issue the warrant for its collection, which the statcircumstances, would not have constituted a cloud

ute required to be done. Kansas Pacific R. R. Co. upon the title.

v. Commissioners of Wyandotte Co., 16 Kans. 587. The Court of Appeals of New York have recently examined the question when money paid for taxes

In Massachusetts, in Boston Glass Co. v. Boston, illegally assessed may be recovered back. Peyser v.

4 Metc. 181, it is held that “payment of taxes to a Mayor, 16 Alb. L. J. 283. The court held that collector, who has a tax-bill and warrant in the money paid upon an erroneous judgment, or tax form prescribed by law, is to be regarded as comlevy which has been reversed after payment, may be pulsory payment, and if such taxes were assessed recovered back provided the payment was involun

without authority, they may be recovered back in tary, or under compulsion from coercion, either in

an action for money had and received, although the fact or law. Among the instances of coercion in party made no protest before payment.” This case law the court included the levy of a tax, regular follows Preston v. Boston, 12 Pick. 7, where it is upon its face, which may be demanded and enforced held, “if a person pay an illegal tax in order pre-, in due course of law, by sale of the property of the vent the issuing of a warrant of distress with which one assessed. The levy or assessment must, how- he is threatened, and which must issue, of course, unever, be prima facie regular so as to furnish evidence less the tax is paid, the payment is to be deemed of its own validity, for if the validity must be compulsory, and not voluntary." shown aliunde the action is maintainable. Folger, In Grim v. School District, 57 Penn. St. 434, it is J., who delivered the opinion of the court, said:

said to be settled law, that “a party who, when “ Coercion by law is where a court having juris-threatened with a distress, pays an illegal tax under diction of the person and the subject matter has protest and notice of suit, may maintain an action rendered a judgment which is collectible in due to recover it back.” See, also, Henry v. Horstick,

There the party cast in judgment may not 9 Watts, 412. In Allen v. Burlington, 45 Vt. 202, resist the execution of it. His only remedy is to obtain a reversal, if he may, for error in it. As he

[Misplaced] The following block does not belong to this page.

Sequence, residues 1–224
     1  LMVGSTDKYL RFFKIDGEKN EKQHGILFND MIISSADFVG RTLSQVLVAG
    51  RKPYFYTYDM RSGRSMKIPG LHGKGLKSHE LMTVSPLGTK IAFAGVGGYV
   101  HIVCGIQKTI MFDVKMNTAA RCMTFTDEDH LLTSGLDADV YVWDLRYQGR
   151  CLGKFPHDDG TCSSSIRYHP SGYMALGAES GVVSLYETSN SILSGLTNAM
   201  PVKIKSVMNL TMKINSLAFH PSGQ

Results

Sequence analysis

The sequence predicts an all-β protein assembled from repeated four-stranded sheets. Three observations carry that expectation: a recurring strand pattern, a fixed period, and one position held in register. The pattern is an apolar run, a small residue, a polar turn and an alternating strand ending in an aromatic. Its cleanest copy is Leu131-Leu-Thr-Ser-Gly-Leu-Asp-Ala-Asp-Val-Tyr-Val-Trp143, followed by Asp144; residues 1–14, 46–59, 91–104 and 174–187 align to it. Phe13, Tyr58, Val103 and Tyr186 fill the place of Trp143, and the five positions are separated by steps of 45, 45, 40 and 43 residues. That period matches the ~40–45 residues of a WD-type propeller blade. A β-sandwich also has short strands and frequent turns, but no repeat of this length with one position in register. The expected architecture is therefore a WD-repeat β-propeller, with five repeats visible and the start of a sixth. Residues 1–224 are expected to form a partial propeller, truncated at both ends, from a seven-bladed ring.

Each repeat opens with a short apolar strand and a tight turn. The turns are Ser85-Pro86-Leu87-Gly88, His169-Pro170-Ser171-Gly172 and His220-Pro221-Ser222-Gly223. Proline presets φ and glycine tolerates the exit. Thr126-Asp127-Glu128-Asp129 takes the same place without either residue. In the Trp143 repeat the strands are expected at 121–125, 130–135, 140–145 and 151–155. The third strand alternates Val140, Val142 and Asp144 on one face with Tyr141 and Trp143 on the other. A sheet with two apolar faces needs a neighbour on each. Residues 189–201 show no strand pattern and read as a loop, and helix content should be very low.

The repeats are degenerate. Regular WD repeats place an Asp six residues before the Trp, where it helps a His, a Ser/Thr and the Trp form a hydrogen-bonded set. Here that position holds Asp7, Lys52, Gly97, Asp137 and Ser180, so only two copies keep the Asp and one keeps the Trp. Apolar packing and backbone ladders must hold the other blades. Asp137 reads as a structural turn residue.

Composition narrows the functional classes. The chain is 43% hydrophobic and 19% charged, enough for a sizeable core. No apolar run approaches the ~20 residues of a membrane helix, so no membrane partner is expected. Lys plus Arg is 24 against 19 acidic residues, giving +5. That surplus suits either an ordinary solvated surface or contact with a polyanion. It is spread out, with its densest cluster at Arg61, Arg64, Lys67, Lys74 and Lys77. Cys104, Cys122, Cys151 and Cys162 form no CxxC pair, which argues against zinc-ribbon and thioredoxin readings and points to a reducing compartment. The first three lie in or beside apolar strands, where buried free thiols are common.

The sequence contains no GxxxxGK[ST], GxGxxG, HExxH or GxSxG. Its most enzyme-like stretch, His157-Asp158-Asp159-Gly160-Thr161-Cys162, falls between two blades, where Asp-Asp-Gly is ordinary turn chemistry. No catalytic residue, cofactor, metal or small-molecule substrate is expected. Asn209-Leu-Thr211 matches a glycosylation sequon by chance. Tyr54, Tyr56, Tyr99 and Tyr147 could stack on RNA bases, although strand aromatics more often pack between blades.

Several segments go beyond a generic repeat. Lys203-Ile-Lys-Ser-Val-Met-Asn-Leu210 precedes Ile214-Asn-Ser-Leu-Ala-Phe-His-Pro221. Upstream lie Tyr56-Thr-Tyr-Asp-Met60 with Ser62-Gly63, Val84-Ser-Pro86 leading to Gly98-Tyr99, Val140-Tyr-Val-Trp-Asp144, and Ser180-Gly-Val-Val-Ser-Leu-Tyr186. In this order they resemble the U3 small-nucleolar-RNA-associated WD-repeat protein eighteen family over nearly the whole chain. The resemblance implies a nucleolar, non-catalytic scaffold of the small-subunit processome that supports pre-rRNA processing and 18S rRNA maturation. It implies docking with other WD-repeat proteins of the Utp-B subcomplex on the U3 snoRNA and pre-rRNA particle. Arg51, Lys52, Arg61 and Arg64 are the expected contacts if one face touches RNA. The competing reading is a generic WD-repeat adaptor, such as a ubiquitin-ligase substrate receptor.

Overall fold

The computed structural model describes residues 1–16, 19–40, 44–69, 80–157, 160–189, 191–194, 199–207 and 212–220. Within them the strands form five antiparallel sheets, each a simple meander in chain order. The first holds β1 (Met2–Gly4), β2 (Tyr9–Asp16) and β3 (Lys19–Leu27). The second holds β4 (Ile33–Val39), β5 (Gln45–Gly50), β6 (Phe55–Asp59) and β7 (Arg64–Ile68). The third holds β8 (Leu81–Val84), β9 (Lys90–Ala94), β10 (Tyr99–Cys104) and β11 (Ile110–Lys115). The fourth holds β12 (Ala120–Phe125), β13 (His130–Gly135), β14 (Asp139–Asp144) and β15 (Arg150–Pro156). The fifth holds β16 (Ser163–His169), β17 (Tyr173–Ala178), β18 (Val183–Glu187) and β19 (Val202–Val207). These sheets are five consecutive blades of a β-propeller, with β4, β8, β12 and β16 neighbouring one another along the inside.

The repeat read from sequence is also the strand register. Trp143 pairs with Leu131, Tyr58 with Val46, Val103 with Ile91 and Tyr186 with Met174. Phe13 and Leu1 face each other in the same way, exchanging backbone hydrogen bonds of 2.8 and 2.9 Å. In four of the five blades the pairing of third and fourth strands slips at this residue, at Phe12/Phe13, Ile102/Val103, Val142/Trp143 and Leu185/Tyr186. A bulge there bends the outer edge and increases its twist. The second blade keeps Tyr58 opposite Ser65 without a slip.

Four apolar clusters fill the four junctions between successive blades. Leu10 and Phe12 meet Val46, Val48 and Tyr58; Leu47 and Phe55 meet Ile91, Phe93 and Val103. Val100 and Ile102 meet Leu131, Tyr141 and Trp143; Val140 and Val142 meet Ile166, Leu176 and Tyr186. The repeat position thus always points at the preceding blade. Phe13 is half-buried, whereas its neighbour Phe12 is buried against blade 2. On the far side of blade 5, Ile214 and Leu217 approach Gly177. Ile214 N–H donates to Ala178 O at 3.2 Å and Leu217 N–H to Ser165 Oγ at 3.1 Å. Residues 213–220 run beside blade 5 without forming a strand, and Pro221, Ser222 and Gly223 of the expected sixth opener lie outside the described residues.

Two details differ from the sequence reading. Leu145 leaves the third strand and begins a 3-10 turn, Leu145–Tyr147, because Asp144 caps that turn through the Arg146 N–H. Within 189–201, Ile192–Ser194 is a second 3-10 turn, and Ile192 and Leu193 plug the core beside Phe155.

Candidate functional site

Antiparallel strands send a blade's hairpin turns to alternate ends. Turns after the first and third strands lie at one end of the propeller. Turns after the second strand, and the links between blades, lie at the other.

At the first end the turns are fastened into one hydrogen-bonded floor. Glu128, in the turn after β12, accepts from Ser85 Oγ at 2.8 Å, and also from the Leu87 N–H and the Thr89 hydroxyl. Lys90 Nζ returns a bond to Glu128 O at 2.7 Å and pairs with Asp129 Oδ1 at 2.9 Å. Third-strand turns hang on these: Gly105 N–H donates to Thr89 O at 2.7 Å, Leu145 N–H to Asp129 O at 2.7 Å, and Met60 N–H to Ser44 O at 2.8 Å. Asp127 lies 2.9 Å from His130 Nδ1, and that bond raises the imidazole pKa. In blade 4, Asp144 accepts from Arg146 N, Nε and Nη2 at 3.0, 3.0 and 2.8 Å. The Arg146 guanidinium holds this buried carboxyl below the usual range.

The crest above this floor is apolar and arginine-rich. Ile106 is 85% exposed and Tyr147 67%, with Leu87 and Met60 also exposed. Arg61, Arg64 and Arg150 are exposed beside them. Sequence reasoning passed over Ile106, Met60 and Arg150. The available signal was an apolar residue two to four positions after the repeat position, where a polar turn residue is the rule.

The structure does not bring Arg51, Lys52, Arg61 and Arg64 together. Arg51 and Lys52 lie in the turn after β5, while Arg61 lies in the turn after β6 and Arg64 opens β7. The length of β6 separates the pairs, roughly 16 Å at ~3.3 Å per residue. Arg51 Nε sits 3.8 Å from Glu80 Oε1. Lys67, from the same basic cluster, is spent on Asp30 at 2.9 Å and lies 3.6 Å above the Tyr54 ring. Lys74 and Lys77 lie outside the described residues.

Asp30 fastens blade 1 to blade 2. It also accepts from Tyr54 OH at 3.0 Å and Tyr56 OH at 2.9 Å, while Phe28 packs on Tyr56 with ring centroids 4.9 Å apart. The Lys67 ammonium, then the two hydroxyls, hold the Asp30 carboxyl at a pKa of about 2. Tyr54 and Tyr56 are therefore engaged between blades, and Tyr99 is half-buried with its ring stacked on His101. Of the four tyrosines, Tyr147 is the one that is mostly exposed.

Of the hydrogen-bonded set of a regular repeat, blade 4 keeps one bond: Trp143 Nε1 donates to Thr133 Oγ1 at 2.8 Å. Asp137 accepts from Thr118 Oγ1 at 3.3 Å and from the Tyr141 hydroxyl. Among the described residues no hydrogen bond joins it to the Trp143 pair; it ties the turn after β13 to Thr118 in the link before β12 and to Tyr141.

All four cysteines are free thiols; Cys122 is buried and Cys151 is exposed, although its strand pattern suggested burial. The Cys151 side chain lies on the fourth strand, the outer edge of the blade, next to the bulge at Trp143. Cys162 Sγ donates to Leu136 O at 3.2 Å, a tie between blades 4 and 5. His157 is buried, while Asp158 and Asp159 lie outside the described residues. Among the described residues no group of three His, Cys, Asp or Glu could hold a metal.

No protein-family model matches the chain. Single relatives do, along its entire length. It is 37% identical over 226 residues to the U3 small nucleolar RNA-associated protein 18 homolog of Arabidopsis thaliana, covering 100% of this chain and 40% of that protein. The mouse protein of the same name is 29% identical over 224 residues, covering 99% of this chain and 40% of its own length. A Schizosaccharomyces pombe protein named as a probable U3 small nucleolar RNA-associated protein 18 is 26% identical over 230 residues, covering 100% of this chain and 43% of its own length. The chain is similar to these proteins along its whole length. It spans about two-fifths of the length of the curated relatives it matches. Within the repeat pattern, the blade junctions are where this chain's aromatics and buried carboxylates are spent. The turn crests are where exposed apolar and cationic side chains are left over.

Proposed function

the court says: “If the plaintiff was constrained to cannot resist the execution of it when execution is pay the tax to save his property from distress, and attempted he may as well pay the amount at one to avoid a penalty and costs, it was not a voluntary time as at another and save the expense of delay. It payment.” Bubcock v. Granville, 44 Vt. 326; Henry may be well to say, that if the judgment is not afterward reversed, but is invalid for any collateral

v. Chester, 15 id. 460. reason, or the process issued upon it is illegal, pay

In Fellows v. School District, 39 Me. 559, a party ment with knowledge of the fact would perhaps be was arrested for non-payment of a tax, promised to voluntary, which seems a sound distinction taken

pay if released, was released and about a week after by Emott, J., in Lott v. Sueezy, 29 Barb. 87--92.”

paid the tax and costs; this payment was held not In Wabaunsee Co. v. Walker, 8 Kans. 431, the plain- to be voluntary; so in Gachet v. McCall, 50 Ala. tiff redeemed lands which had been sold for taxes, 307, the owner of land which was advertised for and was charged by the county treasurer interest on sale for non-payment of taxes, promised the tax-colsaid taxes at the rate of fifty per cent per annum. lector that, if he would postpone the sale, he would Plaintiff paid the same under a written protest,

The sale was postponed and the tax claiming that the interest should have been only at paid according to agreement, but under protest. the rate of twenty-five per cent. The court held Held, that the payment was voluntary and could not that he could not recover the money so paid. Val- be recovered,

course.

pay the tax.